What images from 2015 remain fixed in your mind?
We’ll hazard a guess: for most of us, it’ll be the images of refugees fleeing from tyranny and war.
Images of the innocent, suffering.
Images, too, of brutal extremists hiding behind the miserable pretence of religious justification.
History, including Church history, is littered with testimony to human evil, selfishness and greed.
So often this has been done in the name of what is “right”, the way of absolutes and certainty.
“I am right. You are wrong. You must conform to my way of thinking – or suffer the consequences.”
We have heard the rhetoric of the extremist and been confronted, again and again, by the images of this tyranny of the “right”.
But violence just begets violence, and hatred begets more hatred. It does not provide solutions; it just creates more problems.
The Christ child, the one whose birth we celebrate, born to an unwed mother who had no place to shelter – the family then forced to flee to a foreign land for fear of a tyrant.
This child, Christians believe, shows us the simple but improbable way God, who is love, reaches out to us.
It is the way that begins by placing yourself in the shoes of another. And by trying to see the world through that other person's eyes. We do not have to agree with that other person. We might not even like what they stand for.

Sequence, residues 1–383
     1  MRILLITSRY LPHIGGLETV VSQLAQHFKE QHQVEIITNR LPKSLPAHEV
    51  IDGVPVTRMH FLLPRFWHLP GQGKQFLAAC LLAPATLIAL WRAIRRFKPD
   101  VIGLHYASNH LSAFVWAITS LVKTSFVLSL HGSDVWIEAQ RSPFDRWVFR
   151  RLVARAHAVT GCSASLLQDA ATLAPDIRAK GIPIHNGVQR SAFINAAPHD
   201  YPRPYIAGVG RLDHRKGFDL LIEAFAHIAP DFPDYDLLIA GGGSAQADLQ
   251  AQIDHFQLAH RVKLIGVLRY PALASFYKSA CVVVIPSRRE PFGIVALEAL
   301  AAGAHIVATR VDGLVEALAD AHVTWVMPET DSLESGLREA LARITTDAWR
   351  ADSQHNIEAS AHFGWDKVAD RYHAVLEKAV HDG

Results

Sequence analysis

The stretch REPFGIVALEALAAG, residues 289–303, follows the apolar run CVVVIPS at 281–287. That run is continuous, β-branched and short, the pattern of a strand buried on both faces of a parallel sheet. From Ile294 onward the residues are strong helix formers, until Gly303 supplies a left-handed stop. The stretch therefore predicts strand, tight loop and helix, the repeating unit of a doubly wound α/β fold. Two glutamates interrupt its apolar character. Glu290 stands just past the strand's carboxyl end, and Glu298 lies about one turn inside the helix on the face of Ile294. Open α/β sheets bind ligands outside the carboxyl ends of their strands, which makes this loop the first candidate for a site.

In fact, we may profoundly disagree.
But we need to see in every other person, even our enemy, someone beloved of God.
This is the way of costly, sacrificial love.
This way has the ability to redeem and transform even the most hardened of extremists, and the very worst of situations.
It is the way of compassion, in the true sense of that word; sharing in the suffering of the other.
It is the way of dialogue. It is the way of reconciliation. Only love can transform an enemy into a friend.
This way is demanding. It requires faith, courage, perseverance, fortitude, and commitment. It defies convention and opens you up to ridicule; it is the way of the infant born in Bethlehem.
We instinctively know the truth of this way, and we long for it.
We know that the world is, despite these awful images, overwhelmingly a place of goodness and beauty.
We know that love wins because of the promise and the hope of the Christ child.
And never has the message of this child, and His way, been more needed.
God’s Sunrise will break in upon us,
Shining on those in the darkness,
those sitting in the shadow of death,
Then showing us the way, one foot at a time,
down the path of peace.
Luke 1:78-79 (The Message)
May the God who takes the risk of reaching out and being vulnerable, who really loves us, deeply bless you and your families this Christmas.
Archbishop Brown Turei, Bishop of Aotearoa;
Archbishop Philip Richardson, senior bishop of the New Zealand dioceses;
Archbishop Winston Halapua, Bishop of Polynesia.